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How Invisibility Cloaks Work


Optical Camouflage: Altered Reality
Optical camouflage technology won't make you invisible to multi-eyed Beholder monsters -- or even to stray cats and squirrels.
Optical camouflage technology won't make you invisible to multi-eyed Beholder monsters -- or even to stray cats and squirrels.

Ready to slip into some old-school optical camouflage fashions?

This technology takes advantage of something called augmented-reality technology -- a type of technology first pioneered in the 1960s by Ivan Sutherland and his students at Harvard University and the University of Utah.

Optical camouflage delivers a similar experience to Harry Potter's invisibility cloak, but using it requires a slightly complicated arrangement. First, the person who wants to be invisible (let's call him Harry) dons a garment that resembles a hooded raincoat. The garment is made of a special material that we'll examine more closely in a moment.

Next, an observer (let's call him Professor Snape) stands before Harry at a specific location. At that location, instead of seeing Harry wearing a hooded raincoat, Snape sees right through the cloak, making Harry appear to be invisible. The above photograph shows you what Snape would see. And if Snape stepped to the side and viewed Harry from a slightly different location? Why, he'd simply see the boy wizard wearing a silver garment. Scowls and detentions would likely follow. Lucky for Harry, his fictional cloak affords 360-degree protection.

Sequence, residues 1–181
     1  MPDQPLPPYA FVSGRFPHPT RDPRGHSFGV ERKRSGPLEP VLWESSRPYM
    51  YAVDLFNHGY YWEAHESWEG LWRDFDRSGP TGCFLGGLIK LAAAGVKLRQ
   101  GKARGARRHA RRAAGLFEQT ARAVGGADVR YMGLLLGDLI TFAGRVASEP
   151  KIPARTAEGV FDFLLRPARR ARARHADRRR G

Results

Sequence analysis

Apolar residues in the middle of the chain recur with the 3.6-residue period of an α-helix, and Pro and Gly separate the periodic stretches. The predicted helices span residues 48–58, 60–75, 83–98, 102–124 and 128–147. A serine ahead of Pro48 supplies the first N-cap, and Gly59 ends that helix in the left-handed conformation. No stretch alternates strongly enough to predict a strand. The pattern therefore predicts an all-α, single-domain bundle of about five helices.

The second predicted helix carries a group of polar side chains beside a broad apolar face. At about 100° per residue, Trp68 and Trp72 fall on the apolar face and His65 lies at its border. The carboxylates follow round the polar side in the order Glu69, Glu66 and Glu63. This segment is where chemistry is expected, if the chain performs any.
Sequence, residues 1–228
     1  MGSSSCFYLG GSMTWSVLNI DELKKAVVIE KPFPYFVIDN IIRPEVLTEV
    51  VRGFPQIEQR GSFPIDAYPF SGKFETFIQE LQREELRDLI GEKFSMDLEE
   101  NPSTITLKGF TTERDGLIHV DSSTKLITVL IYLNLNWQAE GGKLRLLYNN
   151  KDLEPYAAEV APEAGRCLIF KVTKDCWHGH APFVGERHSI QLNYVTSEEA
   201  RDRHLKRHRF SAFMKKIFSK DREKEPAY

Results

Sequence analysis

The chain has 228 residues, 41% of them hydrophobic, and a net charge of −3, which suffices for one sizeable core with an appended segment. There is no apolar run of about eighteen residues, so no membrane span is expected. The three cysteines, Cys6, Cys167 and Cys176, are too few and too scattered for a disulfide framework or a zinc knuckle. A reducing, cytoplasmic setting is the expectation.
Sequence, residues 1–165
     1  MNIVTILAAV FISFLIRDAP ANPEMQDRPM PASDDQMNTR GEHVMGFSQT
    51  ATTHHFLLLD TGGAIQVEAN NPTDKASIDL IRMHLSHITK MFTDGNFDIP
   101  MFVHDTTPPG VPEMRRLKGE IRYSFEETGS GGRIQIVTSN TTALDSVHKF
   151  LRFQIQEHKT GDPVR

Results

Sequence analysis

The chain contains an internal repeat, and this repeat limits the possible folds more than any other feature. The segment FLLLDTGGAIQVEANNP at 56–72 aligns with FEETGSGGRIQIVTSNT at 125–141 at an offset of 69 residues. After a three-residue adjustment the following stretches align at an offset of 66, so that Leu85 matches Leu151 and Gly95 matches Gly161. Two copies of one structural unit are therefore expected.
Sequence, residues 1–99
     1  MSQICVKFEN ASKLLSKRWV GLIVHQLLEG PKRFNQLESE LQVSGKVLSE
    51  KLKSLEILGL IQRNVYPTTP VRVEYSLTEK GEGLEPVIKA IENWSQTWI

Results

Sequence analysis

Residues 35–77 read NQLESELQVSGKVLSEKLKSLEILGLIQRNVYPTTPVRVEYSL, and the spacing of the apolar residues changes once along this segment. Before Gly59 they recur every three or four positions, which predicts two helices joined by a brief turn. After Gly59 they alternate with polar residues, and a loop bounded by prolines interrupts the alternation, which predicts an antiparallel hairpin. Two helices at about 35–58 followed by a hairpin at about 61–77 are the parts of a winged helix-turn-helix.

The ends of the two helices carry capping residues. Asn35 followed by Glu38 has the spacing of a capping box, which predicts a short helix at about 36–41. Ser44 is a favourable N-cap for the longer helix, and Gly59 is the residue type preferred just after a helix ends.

Optical camouflage doesn't work by way of magic. It works by taking advantage of something called augmented-reality technology -- a type of technology first pioneered in the 1960s by Ivan Sutherland and his students at Harvard University and the University of Utah. You can read more about augmented reality in How Augmented Reality Works, but a quick recap will be helpful here.

Augmented-reality systems add computer-generated information to a user's sensory perceptions. Imagine, for example, that you're walking down a city street. As you gaze at sites along the way, additional information appears to enhance and enrich your normal view. Perhaps it's the day's specials at a restaurant or the showtimes at a theater or the bus schedule at the station. What's critical to understand is that augmented reality is not the same as virtual reality. While virtual reality aims to replace the world, augmented reality merely tries to supplement it with additional, helpful content. Think of it as a heads-up display (HUD) for everyday life.

Most augmented-reality systems require a user to look through a special viewing apparatus to see a real-world scene enhanced with synthesized graphics. They also call for a powerful computer. Optical camouflage requires these things as well, but it also necessitates several other components. Here's everything needed to make a person appear invisible:

  • a garment made from highly reflective material
  • a digital video camera
  • a computer
  • a projector
  • a special, half-silvered mirror called a combiner

On the next page, we'll look at each of these components in greater detail.